According to the SOM Rules, "The award of tenure is reserved for those faculty members who are among the best in the field of scholarly endeavor [and who are] widely recognized as outstanding and influential teachers . . . Excellence [the highest SOM standard] in both scholarship and teaching must be present before an award of tenure is made." In teaching, the faculty member must have "an outstanding record of demonstrated success in mentoring students, residents, fellows or less experienced faculty members."
The SOM employs a broad definition of scholarship, modeled after the work of Boyer. The School recognizes the scholarship of discovery, application, integration and teaching. To be considered for tenure, the candidate must demonstrate "excellence in scholarship, which has led to a national and international reputation." According to the SOM Rules, scholarship (in the context of tenure) means "the long, systematic study of phenomena or events . . . accuracy and skill in investigation . . . [and] the demonstration of powers of critical analysis in the interpretation of such knowledge."
At the SOM, the tenure salary obligation is limited to the "base salary." In accordance with the "Base-Supplement-Incentive" salary plan approved by the Board of Regents in 1995, the base salary is adjusted each year such that it equals 70% of the average salary during the prior year of all basic science faculty holding the rank.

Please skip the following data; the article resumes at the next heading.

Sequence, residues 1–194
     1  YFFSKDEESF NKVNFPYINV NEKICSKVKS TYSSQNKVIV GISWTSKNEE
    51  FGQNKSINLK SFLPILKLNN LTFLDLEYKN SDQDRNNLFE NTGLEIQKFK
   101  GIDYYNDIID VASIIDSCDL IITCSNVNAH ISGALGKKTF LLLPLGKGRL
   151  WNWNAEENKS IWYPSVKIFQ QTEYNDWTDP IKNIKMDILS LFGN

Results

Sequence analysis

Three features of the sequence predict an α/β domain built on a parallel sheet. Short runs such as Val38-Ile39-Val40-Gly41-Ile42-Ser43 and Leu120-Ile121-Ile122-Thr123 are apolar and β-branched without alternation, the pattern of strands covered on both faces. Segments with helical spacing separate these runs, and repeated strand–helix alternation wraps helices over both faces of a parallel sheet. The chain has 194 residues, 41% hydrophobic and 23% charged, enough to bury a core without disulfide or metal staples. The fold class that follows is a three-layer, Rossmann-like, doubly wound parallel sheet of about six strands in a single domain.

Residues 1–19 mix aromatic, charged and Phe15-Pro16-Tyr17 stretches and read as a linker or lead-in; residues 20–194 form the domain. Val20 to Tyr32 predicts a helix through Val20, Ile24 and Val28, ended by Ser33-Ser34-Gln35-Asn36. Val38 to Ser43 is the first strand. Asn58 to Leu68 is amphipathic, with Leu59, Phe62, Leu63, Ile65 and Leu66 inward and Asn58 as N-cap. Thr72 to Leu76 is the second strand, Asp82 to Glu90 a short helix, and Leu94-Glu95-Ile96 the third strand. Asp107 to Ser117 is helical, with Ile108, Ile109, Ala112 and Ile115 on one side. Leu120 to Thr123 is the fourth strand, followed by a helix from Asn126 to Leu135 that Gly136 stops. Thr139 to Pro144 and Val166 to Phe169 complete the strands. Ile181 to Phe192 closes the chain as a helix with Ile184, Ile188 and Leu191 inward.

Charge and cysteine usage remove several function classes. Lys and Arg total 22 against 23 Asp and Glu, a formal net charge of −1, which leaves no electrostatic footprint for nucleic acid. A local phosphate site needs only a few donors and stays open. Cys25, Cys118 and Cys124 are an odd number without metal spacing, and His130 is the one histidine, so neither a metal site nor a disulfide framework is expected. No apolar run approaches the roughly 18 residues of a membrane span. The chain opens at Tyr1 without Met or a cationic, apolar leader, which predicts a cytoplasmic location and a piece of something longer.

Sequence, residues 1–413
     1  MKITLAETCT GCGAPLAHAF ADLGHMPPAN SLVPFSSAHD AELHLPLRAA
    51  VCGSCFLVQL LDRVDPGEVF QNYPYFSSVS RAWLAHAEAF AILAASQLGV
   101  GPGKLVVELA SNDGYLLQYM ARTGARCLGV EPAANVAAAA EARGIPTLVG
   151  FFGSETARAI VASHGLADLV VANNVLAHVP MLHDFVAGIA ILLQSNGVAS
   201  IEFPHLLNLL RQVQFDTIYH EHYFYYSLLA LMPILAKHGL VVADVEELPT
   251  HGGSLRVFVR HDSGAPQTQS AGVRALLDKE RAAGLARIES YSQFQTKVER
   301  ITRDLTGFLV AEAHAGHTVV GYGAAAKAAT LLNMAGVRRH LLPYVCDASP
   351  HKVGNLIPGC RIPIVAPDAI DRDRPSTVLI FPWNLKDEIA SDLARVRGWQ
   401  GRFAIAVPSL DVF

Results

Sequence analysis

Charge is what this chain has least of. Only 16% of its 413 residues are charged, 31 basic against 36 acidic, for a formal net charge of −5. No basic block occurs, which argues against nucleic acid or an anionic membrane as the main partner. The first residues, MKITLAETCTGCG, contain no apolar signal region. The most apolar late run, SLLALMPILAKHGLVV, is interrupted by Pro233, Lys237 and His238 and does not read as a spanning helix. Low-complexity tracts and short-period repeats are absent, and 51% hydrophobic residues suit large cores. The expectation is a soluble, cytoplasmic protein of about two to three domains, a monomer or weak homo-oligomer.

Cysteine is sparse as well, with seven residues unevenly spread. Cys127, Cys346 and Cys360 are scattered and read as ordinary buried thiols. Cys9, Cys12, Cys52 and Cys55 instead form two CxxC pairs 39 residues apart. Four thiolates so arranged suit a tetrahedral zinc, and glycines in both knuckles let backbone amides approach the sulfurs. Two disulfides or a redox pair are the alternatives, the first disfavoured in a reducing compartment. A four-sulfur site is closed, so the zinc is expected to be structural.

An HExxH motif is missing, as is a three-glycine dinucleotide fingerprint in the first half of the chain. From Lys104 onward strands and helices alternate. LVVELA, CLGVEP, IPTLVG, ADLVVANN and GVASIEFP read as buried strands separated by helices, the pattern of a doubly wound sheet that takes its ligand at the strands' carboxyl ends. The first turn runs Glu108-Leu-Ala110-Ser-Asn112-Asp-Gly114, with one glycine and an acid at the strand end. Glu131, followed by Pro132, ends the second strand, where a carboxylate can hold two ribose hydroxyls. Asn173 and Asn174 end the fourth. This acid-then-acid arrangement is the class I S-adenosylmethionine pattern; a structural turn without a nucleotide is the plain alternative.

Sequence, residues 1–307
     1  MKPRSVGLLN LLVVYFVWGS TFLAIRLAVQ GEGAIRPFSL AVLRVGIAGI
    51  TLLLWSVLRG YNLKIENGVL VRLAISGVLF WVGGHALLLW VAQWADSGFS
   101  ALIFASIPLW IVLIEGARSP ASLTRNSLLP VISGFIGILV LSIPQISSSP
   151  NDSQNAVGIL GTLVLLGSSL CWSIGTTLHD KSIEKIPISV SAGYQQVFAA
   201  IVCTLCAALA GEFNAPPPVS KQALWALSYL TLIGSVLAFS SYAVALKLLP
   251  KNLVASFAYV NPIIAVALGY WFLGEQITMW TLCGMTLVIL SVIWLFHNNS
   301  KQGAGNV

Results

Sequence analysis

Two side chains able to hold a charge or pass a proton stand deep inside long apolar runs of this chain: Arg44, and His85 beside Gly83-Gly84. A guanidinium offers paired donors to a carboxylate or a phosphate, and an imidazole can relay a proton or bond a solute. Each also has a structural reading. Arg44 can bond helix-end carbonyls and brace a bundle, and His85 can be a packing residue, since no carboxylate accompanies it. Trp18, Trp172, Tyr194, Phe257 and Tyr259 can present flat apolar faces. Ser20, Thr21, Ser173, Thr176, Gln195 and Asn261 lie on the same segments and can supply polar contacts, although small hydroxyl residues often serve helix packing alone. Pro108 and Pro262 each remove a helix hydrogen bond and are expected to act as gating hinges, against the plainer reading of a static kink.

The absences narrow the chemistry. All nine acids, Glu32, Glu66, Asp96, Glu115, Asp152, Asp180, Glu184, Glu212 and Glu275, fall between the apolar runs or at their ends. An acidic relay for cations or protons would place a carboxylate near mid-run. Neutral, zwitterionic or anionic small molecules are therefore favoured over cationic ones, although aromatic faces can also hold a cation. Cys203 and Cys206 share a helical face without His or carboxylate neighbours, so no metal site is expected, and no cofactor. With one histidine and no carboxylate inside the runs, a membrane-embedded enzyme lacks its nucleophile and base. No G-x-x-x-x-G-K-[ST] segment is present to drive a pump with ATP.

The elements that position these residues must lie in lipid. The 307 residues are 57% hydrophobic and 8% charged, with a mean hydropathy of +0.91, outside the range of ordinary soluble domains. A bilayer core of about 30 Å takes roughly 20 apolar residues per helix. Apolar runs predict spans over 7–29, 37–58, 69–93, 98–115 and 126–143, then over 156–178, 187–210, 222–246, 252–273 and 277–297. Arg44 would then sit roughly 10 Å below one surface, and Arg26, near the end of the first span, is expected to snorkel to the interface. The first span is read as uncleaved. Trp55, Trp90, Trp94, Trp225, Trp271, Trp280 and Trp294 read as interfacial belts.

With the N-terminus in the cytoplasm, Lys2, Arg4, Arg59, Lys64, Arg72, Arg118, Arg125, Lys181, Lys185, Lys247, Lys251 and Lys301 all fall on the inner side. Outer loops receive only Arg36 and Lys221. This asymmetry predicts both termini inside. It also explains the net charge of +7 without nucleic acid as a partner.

After six years of full-time service to the School of Medicine, tenured and tenure-eligible faculty members are eligible for sabbatical assignment. Faculty members must have attained the rank of Associate Professor or Professor. All sabbatical assignments are subject to approval by the department chair, the Dean, the Chancellor, the Vice President for Academic Affairs and the Regents. Sabbaticals are also subject to the availability of adequate funding, which must be secured by the faculty member. Sabbatical assignments may not be granted more often than once every seven years. In accepting a sabbatical assignment, the faculty member must agree to return to the University for at least one year following completion of the sabbatical. Within 4 months after returning to regular duties, the faculty member must file with the dean a substantive report of his or her work and accomplishments during the sabbatical. The sabbatical plan and the post-sabbatical report are public documents.
Sabbatical assignments are considered academic and professional development tools, granted for the advancement of the teaching, service and research missions of the University. The University considers sabbaticals to be "a time for concentrated professional development." Faculty members seeking approval for a sabbatical must submit a specific plan outlining the academic objectives of the sabbatical. Sabbatical plans must contain detailed descriptions of the manner in which the sabbatical will enhance student learning and benefit the faculty member, the department and the School. The sabbatical application must also address how the faculty member's regular assignments and responsibilities will be covered.
In June, 1982 UPI was established and was designated as the University's agent to accomplish certain University purposes, including education, research and service. UPI was also designated as the exclusive billing agent for the University of Colorado School of Medicine.